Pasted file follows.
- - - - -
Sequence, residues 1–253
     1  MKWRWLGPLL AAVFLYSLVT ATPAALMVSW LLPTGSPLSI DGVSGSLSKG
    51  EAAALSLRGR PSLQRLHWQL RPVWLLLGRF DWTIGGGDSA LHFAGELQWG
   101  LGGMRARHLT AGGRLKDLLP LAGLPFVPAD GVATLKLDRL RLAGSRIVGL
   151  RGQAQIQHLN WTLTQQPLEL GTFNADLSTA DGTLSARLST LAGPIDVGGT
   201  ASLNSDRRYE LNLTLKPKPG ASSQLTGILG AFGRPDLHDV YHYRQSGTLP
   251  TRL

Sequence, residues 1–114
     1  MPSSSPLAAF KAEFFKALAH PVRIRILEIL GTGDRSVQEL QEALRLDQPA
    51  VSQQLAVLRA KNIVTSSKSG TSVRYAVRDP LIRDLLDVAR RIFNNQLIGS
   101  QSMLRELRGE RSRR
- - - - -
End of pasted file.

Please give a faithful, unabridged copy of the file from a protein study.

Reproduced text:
Sequence, residues 1–253
     1  MKWRWLGPLL AAVFLYSLVT ATPAALMVSW LLPTGSPLSI DGVSGSLSKG
    51  EAAALSLRGR PSLQRLHWQL RPVWLLLGRF DWTIGGGDSA LHFAGELQWG
   101  LGGMRARHLT AGGRLKDLLP LAGLPFVPAD GVATLKLDRL RLAGSRIVGL
   151  RGQAQIQHLN WTLTQQPLEL GTFNADLSTA DGTLSARLST LAGPIDVGGT
   201  ASLNSDRRYE LNLTLKPKPG ASSQLTGILG AFGRPDLHDV YHYRQSGTLP
   251  TRL

Sequence, residues 1–114
     1  MPSSSPLAAF KAEFFKALAH PVRIRILEIL GTGDRSVQEL QEALRLDQPA
    51  VSQQLAVLRA KNIVTSSKSG TSVRYAVRDP LIRDLLDVAR RIFNNQLIGS
   101  QSMLRELRGE RSRR